Key role for gene dosage and synaptic homeostasis in autism spectrum disorders.

  • Toro R
  • Konyukh M
  • Delorme R
 et al. 
  • 59

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Abstract

Autism spectrum disorders (ASD) are characterized by impairments in reciprocal social communication, and repetitive, stereotyped verbal and non-verbal behaviors. Genetic studies have provided a relatively large number of genes that constitute a comprehensive framework to better understand this complex and heterogeneous syndrome. Based on the most robust findings, three observations can be made. First, genetic contributions to ASD are highly heterogeneous and most probably involve a combination of alleles with low and high penetrance. Second, the majority of the mutations apparently affect a single allele, suggesting a key role for gene dosage in susceptibility to ASD. Finally, the broad expression and function of the causative genes suggest that alteration of synaptic homeostasis could be a common biological process associated with ASD. Understanding the mechanisms that regulate synaptic homeostasis should shed new light on the causes of ASD and could provide a means to modulate the severity of the symptoms.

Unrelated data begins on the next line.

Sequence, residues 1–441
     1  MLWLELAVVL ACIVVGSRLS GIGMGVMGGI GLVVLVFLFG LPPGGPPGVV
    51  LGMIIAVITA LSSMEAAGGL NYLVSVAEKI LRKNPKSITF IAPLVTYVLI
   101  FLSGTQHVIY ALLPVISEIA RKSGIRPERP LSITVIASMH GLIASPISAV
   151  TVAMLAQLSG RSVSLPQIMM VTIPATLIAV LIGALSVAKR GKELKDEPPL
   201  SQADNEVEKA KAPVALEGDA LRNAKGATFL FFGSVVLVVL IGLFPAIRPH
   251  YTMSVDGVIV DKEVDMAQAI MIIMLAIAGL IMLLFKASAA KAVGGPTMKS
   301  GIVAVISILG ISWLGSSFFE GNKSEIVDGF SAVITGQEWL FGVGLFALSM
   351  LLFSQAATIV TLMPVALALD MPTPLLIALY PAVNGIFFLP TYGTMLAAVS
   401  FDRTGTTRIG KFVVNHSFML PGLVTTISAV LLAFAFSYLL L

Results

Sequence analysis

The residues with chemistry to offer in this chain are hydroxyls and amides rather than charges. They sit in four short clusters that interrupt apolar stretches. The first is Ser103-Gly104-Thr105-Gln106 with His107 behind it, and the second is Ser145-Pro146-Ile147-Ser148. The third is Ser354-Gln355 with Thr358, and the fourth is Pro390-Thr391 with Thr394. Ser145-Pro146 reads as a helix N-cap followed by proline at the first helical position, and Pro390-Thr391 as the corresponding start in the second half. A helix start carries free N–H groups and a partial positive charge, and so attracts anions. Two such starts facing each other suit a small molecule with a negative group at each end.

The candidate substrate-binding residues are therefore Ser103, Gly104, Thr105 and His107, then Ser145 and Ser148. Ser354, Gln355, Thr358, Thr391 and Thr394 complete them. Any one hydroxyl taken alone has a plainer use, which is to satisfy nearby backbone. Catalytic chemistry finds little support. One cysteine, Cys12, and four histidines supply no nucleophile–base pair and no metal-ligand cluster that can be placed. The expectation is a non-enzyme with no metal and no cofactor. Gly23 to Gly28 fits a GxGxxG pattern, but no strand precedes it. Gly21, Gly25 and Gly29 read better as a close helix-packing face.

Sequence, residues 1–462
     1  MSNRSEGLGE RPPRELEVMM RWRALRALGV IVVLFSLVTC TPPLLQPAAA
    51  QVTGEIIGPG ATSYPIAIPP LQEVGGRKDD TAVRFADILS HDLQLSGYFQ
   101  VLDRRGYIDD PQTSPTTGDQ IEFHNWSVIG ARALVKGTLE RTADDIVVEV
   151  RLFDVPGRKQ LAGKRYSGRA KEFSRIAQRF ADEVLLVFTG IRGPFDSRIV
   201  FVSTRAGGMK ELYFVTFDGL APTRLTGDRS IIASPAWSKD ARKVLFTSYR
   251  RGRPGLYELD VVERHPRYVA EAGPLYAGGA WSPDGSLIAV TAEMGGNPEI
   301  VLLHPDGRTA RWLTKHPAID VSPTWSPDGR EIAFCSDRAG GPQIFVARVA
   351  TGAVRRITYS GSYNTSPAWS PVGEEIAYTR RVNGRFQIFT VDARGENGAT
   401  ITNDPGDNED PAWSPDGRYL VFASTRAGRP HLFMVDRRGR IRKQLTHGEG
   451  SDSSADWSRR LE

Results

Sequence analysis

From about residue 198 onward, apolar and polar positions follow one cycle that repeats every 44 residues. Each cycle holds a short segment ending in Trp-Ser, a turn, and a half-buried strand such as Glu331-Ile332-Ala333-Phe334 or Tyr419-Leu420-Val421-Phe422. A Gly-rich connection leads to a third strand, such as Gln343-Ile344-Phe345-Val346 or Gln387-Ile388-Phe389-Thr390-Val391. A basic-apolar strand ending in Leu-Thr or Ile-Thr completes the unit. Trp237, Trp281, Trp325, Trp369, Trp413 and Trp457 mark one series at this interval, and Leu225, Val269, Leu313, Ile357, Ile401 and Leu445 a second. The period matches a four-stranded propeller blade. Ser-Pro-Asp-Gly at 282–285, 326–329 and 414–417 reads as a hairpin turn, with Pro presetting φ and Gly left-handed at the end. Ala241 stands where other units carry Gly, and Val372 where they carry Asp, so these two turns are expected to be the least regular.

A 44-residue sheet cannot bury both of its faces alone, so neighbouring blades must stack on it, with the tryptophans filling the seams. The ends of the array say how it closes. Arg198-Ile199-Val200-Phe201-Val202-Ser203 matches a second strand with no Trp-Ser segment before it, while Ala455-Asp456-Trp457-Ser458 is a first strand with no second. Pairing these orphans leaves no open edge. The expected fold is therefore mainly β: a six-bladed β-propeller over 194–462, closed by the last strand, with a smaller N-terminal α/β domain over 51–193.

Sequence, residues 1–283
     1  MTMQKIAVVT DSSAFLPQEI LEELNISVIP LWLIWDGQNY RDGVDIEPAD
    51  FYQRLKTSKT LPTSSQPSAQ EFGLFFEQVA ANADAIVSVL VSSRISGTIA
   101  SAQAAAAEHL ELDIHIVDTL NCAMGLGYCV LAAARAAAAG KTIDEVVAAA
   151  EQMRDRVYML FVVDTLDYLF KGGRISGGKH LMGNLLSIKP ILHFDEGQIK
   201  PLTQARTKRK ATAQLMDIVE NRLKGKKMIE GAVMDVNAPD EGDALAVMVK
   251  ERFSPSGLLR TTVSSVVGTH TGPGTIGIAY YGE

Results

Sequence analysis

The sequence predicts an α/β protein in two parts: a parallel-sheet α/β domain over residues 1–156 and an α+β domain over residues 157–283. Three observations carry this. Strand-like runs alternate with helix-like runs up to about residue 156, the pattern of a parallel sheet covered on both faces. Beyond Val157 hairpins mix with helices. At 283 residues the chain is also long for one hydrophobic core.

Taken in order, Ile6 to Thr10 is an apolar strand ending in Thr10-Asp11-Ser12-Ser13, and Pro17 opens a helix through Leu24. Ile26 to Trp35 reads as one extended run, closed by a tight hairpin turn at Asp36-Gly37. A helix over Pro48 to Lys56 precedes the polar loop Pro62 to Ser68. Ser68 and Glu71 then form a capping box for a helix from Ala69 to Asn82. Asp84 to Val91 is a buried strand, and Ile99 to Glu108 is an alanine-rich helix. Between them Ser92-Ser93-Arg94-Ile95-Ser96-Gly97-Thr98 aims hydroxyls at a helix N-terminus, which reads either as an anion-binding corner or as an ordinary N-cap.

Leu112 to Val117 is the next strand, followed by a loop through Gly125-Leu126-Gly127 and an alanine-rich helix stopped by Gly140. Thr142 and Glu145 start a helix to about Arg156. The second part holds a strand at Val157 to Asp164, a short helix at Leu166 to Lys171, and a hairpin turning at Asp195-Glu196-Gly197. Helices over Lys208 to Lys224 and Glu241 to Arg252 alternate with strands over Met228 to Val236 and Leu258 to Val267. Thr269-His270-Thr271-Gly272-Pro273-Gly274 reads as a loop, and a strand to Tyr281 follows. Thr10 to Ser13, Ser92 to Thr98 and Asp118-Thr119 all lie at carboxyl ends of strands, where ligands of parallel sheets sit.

Author-supplied keywords

  • Animals
  • Child
  • Child Development Disorders, Pervasive
  • Child Development Disorders, Pervasive: genetics
  • Gene Dosage
  • Genetic Predisposition to Disease
  • Homeostasis
  • Humans
  • Synapses
  • Synapses: genetics

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Authors

  • Roberto Toro

  • Marina Konyukh

  • Richard Delorme

  • Claire Leblond

  • Pauline Chaste

  • Fabien Fauchereau

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